Virtual assistants make use of NLP (natural language processing) and conversational AI to provide information and answers to questions in spoken or written language. In their simplest form, they can screen enquiries to better route them, and handle simple or repeat enquiries. With additional integration and training, they are able to deliver personalised answers and work across multiple customer channels.
The time of Virtual Assistants (VAs) is now
Whether they are text-based (often called chatbots) or voice-based, whether they are placed on a website, embedded in an app or desktop, on a messaging platform, or inside an IVR, intelligent virtual assistants are on the rise – and for good reasons.
The technologies that power virtual assistants – machine learning, NLP (natural language processing), text-to-speech and speech-to-text – are now proven and reliable. As the popularity of Google Home, Amazon Alexa, and Apple’s Siri demonstrate, people are happy to interact with an AI if it means they can get things done more quickly and efficiently.
Virtual Assistants and humans working together
The popular press would have us believe that the rise of AI will put hundreds of thousands of jobs at risk. The reality however, at least in contact centres, is that AIs are going to work alongside humans to help improve overall service to customers.
Internal virtual assistants – support your staff to perform their day-to-day roles and complete administrative tasks. For example, instead of entering a search query into a knowledge base, an agent can ask a bot for answers by posing questions in natural language. Some virtual assistants can even proactively jump in at relevant moments to suggest courses of action to agents, or pop relevant information and processes on to the agent’s screen. For example, consider how a Virtual Assistant can support your HR function and reduce effort for employees, by providing automated responses to high volume, low complexity enquiries such as annual leave balances or references to policy and procedure.
External virtual assistants – these digital agents can become the face of your organisation and act as an initial port of call for customers and prospects seeking information. When they cannot process a query, they can hand over to a human agent or arrange a call back. As every aspect of these interactions is captured and stored, they also become a key source of insight into your customers’ experiences.
Omni-channel virtual assistants – this style of AI platform provides a seamless human-like end-to-end conversational experience for self-service across all channels. Leveraging this style of platform helps enterprises transform their contact centres into a next generation digital experience, improving service and eliminating complex IVR menus.
The technology behind Virtual Assistants
Virtual assistants and chatbots work in the same way: using NLP (natural language processing) and other AI techniques they actually interpret the intent of a user’s question. This intent is then matched to a conversation framework which the AI uses to decide what to ‘say’ to the user next.
While a large part of the process of implementing a virtual assistant involves training it on the transcripts of previous calls and chat sessions so that it can understand a user’s intent, the conversation framework and the exact expressions the assistant uses are created by humans. The provider you choose should therefore demonstrate strong expertise in UX design, language analysis, psychology and script writing as well as the AI disciplines of machine learning and NLP.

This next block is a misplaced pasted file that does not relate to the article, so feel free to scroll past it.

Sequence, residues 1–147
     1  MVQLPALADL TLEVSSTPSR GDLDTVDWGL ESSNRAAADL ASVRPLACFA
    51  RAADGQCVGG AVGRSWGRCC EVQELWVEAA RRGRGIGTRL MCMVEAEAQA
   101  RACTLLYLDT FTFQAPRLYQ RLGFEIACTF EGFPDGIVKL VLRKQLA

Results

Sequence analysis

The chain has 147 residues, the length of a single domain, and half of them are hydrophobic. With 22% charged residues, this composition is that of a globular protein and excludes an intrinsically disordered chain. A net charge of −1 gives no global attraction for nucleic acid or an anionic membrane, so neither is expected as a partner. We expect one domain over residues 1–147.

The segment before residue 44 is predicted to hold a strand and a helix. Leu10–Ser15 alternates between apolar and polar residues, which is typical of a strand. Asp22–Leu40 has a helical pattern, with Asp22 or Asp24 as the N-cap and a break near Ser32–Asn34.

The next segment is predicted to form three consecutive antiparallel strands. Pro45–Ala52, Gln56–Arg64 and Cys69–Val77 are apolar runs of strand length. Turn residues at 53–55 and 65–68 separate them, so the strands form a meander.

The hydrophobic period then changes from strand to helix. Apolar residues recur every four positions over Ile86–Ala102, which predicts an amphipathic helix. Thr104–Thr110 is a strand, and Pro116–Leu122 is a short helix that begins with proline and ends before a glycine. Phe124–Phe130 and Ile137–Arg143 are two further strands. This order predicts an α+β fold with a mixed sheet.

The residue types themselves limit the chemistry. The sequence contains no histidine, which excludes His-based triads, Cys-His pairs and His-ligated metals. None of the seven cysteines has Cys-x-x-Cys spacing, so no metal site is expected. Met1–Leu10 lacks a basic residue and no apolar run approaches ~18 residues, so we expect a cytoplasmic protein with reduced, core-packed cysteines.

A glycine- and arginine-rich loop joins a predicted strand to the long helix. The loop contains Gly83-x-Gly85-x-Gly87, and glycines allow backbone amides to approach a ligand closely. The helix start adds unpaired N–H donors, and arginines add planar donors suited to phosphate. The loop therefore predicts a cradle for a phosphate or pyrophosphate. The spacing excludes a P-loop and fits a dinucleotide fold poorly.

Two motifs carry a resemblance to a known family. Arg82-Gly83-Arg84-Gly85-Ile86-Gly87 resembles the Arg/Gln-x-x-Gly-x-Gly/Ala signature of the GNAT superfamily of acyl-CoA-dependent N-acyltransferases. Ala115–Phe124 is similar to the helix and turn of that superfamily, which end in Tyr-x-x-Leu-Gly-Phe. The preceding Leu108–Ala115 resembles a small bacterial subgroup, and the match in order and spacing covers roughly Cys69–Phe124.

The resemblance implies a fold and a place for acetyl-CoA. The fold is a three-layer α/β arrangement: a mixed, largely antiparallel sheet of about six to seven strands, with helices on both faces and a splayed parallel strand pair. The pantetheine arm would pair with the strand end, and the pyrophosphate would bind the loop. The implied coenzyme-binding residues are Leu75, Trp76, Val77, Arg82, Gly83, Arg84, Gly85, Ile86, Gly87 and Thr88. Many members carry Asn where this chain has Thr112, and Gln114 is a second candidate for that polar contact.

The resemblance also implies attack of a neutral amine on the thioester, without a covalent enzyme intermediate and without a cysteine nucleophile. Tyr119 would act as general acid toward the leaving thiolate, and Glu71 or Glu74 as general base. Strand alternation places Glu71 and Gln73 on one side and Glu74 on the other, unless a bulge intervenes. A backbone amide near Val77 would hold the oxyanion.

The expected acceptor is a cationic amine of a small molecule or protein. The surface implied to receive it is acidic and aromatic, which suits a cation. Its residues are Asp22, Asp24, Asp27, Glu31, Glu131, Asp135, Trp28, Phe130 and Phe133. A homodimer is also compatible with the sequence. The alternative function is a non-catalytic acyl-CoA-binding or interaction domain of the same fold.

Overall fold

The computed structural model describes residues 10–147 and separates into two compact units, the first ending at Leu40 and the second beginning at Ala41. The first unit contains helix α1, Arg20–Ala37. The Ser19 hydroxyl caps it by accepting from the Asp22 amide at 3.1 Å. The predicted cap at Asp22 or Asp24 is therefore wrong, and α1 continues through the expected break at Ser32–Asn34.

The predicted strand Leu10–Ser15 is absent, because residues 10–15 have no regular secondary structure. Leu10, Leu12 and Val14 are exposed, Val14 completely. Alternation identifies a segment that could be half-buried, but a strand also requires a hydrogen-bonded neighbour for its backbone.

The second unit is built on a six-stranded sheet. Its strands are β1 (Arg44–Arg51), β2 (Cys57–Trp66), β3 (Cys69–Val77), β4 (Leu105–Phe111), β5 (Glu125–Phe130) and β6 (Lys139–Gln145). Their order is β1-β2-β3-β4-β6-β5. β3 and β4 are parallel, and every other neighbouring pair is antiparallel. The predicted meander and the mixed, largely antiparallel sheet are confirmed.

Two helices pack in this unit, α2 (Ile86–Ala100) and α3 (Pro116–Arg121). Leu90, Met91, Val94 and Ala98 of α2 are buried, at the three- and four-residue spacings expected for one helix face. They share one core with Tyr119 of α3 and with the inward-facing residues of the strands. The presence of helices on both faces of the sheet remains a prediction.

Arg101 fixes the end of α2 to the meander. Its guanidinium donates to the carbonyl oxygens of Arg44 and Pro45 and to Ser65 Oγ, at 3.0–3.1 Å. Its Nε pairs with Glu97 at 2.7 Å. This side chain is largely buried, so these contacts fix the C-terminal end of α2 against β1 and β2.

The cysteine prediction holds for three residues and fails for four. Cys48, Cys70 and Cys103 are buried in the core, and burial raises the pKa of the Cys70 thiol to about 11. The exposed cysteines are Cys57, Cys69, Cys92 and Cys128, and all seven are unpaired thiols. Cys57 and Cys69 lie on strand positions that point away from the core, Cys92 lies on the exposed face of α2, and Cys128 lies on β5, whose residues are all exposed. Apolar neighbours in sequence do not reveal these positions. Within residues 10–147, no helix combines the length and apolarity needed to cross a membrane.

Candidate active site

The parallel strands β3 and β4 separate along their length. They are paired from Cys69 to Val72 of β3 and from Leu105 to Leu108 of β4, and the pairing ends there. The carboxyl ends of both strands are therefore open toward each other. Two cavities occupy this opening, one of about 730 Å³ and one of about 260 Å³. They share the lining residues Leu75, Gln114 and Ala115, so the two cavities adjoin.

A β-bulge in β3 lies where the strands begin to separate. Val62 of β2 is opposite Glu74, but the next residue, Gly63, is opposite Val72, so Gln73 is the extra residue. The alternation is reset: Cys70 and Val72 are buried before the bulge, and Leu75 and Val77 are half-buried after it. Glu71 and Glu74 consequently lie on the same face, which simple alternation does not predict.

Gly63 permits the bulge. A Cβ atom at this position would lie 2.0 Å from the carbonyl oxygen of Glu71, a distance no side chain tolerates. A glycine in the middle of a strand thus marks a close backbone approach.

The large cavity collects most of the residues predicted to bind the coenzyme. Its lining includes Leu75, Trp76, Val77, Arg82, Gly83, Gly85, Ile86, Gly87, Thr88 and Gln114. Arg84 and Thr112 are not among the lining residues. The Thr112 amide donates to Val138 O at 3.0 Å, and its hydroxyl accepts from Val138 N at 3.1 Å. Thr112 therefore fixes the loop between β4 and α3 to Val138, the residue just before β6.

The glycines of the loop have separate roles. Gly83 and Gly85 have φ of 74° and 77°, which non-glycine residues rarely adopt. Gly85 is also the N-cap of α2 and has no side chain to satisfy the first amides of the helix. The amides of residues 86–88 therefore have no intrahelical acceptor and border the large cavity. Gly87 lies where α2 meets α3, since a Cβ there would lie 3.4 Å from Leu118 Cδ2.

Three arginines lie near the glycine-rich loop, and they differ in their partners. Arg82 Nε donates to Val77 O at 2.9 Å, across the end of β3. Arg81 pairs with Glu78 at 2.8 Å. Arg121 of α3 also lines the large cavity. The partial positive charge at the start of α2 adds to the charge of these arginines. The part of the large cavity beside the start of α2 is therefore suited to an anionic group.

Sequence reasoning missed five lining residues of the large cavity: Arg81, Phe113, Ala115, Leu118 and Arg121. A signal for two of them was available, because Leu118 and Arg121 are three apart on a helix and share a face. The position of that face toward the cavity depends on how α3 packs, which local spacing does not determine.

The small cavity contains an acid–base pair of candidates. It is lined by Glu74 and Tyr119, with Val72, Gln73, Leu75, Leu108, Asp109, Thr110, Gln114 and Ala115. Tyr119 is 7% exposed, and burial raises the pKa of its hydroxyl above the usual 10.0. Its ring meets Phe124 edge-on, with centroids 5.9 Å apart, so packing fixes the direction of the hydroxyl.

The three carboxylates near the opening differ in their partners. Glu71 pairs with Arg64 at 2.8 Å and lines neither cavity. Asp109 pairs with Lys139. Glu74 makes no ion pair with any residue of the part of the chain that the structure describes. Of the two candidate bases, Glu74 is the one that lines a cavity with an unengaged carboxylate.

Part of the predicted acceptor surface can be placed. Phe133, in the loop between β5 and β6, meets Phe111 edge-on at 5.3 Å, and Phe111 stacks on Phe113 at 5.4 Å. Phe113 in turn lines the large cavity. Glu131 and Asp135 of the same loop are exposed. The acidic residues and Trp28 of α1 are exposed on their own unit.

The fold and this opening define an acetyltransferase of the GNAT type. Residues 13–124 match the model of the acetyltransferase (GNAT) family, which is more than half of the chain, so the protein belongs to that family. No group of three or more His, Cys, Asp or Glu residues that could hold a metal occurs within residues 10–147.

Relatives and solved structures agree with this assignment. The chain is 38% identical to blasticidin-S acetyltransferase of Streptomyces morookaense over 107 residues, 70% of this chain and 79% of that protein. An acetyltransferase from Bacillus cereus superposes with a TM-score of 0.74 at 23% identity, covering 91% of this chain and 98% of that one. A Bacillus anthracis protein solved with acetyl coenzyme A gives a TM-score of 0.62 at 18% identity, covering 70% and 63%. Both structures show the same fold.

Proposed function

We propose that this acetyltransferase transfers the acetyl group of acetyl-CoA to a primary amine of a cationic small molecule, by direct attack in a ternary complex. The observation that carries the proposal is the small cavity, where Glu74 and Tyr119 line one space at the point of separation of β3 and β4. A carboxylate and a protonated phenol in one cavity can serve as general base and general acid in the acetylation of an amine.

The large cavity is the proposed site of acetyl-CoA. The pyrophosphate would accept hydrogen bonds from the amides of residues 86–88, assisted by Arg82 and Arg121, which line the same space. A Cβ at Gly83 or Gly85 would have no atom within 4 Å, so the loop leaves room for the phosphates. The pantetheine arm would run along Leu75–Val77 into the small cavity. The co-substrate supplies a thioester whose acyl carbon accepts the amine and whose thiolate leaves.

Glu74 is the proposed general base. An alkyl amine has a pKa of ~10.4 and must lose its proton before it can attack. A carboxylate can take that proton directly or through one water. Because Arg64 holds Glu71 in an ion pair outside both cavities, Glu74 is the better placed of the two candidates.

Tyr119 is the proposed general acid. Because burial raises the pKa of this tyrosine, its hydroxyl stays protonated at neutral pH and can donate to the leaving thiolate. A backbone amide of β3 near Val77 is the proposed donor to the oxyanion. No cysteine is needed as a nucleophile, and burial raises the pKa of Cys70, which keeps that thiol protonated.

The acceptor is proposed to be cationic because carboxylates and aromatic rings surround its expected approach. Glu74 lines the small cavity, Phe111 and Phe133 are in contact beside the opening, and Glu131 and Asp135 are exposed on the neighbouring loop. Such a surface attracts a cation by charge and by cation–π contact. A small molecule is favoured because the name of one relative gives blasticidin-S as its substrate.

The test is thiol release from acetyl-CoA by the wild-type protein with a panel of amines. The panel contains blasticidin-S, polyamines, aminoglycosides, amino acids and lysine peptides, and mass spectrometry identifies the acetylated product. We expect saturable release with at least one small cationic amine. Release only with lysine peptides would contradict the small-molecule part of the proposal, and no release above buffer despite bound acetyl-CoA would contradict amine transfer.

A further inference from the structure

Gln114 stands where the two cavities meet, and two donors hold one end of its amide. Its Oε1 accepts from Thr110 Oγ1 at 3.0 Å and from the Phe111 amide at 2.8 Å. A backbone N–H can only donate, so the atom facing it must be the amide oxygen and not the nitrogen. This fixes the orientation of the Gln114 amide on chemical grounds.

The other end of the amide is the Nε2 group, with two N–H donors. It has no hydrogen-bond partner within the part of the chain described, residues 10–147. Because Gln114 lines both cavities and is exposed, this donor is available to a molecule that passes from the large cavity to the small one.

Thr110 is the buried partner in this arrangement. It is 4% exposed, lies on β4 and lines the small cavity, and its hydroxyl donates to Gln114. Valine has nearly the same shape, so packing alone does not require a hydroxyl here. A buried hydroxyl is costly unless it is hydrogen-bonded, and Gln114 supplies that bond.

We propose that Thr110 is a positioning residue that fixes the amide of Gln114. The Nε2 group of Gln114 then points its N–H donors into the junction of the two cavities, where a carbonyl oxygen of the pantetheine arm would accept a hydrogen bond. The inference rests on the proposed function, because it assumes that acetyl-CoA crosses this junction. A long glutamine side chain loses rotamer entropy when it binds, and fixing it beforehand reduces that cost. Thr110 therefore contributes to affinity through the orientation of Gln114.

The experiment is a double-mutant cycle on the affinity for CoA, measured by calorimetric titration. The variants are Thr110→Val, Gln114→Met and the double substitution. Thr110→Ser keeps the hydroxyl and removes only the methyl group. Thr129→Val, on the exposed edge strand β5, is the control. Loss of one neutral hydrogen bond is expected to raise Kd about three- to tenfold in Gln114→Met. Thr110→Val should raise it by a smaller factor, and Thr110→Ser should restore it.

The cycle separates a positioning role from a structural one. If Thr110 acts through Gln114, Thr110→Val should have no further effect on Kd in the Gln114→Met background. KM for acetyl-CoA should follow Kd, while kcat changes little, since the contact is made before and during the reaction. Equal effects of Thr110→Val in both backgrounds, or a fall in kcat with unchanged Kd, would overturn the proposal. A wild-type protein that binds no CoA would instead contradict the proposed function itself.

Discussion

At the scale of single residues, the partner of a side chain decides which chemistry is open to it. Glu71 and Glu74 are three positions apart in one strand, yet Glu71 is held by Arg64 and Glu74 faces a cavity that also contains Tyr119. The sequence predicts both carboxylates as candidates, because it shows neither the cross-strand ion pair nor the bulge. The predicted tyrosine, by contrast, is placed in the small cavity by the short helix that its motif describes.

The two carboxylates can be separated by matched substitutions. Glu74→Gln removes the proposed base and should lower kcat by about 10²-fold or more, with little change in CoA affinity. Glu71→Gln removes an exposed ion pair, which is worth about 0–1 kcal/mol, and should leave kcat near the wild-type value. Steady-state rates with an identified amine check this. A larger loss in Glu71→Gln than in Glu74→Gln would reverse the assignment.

Tips for creating believable Virtual Assistants
Give it a personality – your brand has a personality and so should your virtual assistants. When designing conversations and writing scripts, try to ensure customers can connect on an emotional level – this is what creates memorable experiences.
Take it slowly – it’s all too easy to get carried away with a new technology, so remember that the point of virtual assistants is to solve business challenges and improve customer outcomes in a measurable way. Focus on simple, achievable use cases to begin with to prove what works and what doesn’t before creating more complex solutions based on what you’ve learned.
Design around customer needs – great brands committed to creating great experiences for their customers will make sure they have pinpointed the exact need for a virtual assistant through customer research and insights. Start with identifying your customer groups and their needs, then develop your virtual assistant around the features it will need to solve those customer challenges.
Don’t forget what customers value – for high value, complex transactions, customers will usually expect to talk to a human being. On the other hand, there are many simple transactions that customers would thank you for speeding up through automation.
Iterate continuously – the performance of your virtual assistant should be measured constantly and reviewed at least weekly. This will allow you to make improvements in the conversation tree and scripts, train the AI to better interpret customers’ intents, tweak how your virtual assistant hands off to human agents (and vice-versa), and see which use cases should be added to the virtual assistant’s repertoire.
The ROI on Virtual Assistants
As with any successful self-service channel, there is a huge benefit to be realised with the reduction of call volumes, emails and chat sessions initiated to the contact centre. Some users are reporting contact deflection rates of up to 80%, with the average being 20% to 30%. Handling times of those interactions still handled by human agents are also reduced by up to 40%.
The benefits also include reduced agent training times and lower attrition, as the automation of repetitive, simple tasks allows staff to focus on more challenging and interesting work.